The power consumption of each socket is stated as being 0.6W when "off" and 0.9W when "on". The difference is presumably because when "on" a red LED glows on the socket to indicate that power is being supplied. This means that for a low power MEPS certified power supply, the Future Switch may use as much or more overall power to control the device than it would use if simply left on standby, but for larger items (the uture Switch can handle 10 amps) or several items on a powerboard, there are savings to be made. Where used on a individual appliance, it would be sensible to check that appliance with a PowerMate to make sure that the 0.6/0.9W is indeed a worthwhile saving over the devices own standby power use.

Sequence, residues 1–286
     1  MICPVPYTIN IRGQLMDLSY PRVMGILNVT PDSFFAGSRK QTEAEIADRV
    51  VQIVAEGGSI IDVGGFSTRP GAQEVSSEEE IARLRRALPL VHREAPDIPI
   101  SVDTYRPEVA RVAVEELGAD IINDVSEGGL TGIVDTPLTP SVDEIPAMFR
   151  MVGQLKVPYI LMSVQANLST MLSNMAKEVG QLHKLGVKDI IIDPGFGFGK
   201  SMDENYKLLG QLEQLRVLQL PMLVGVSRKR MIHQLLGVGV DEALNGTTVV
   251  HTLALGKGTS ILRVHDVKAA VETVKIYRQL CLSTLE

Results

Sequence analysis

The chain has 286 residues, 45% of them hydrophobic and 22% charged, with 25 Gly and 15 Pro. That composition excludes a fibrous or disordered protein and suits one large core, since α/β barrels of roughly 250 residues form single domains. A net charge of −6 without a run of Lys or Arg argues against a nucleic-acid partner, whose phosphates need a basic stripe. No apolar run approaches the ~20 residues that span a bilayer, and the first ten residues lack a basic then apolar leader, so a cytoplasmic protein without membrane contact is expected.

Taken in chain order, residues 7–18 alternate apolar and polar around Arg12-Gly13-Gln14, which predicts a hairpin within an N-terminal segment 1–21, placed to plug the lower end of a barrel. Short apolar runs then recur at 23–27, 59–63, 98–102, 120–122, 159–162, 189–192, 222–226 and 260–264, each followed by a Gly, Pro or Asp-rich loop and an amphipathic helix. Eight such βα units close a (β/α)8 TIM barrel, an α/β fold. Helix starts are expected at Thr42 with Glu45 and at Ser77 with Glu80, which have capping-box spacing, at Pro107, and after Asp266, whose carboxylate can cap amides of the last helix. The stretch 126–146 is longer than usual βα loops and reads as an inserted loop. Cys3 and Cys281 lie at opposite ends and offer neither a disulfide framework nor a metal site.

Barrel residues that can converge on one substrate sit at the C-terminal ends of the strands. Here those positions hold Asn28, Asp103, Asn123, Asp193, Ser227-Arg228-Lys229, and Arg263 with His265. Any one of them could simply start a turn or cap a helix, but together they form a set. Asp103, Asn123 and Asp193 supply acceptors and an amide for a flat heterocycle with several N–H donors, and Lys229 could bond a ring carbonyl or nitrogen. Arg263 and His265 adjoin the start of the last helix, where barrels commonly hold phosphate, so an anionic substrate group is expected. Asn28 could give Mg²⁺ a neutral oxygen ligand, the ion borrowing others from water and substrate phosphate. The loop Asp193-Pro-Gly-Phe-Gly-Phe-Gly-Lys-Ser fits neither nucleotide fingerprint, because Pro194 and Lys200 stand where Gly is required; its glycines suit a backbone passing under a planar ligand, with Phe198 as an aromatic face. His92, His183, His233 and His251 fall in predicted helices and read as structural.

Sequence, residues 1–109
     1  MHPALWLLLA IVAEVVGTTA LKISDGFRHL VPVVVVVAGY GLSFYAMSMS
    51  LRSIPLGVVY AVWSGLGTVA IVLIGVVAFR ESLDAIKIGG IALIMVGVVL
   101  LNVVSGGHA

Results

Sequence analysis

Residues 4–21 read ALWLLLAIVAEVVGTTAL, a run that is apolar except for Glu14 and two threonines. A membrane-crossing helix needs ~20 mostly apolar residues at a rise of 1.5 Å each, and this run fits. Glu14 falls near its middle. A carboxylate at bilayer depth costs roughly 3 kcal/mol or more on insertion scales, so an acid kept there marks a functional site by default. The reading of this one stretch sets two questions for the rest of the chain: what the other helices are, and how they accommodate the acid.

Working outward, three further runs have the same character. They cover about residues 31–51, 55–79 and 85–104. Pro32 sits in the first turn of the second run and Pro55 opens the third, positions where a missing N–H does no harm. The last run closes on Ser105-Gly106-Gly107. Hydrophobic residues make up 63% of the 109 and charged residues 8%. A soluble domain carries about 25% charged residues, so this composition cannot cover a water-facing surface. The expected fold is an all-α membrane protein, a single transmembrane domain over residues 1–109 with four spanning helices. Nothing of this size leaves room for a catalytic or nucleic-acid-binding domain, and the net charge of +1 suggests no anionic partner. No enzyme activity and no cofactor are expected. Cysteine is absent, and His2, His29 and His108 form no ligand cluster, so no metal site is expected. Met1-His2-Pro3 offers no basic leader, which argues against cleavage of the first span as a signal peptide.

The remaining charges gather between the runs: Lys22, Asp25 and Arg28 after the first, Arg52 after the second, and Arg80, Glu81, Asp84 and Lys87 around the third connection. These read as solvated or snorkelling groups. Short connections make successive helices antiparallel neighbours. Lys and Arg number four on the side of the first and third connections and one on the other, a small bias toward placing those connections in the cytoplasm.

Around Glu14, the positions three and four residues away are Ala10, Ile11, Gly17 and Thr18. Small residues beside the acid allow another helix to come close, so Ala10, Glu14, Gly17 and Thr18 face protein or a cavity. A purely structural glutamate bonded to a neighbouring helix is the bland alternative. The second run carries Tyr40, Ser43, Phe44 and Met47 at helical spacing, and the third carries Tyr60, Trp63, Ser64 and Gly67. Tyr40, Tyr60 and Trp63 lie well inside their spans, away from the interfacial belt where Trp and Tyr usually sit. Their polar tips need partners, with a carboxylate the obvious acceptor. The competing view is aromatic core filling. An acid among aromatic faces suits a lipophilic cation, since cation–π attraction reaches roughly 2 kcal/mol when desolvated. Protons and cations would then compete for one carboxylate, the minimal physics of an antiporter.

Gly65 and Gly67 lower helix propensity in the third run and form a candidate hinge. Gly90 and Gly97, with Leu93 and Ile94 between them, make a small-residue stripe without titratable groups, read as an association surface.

In use, I found the Future Switch required some getting used to. The switch unit itself is a rocker switch, configured the same way as a standard power swich (i.e. push the bottow half to switch the socket ON, and the top to switch it OFF). Whilst this is totally standard, I found myself wanting to press the top half of the switch for ON... The switch itself is not marked on/off, but when the switch is activated it has a momentary LED to indicate the state of the circuit. This also seems counter-intuitive, as it displays from an "energy saving" point of view, so when the appliance is powered OFF the unit blinks green, and when the appliance is switched ON it blinks red. On the socket a red LED also indicates that power is being supplied. This usage of red/green is entirely opposite to any other use of those two colours, where normally RED would be off (or stop!) and green would be on (or go!). It just takes a bit of getting used to!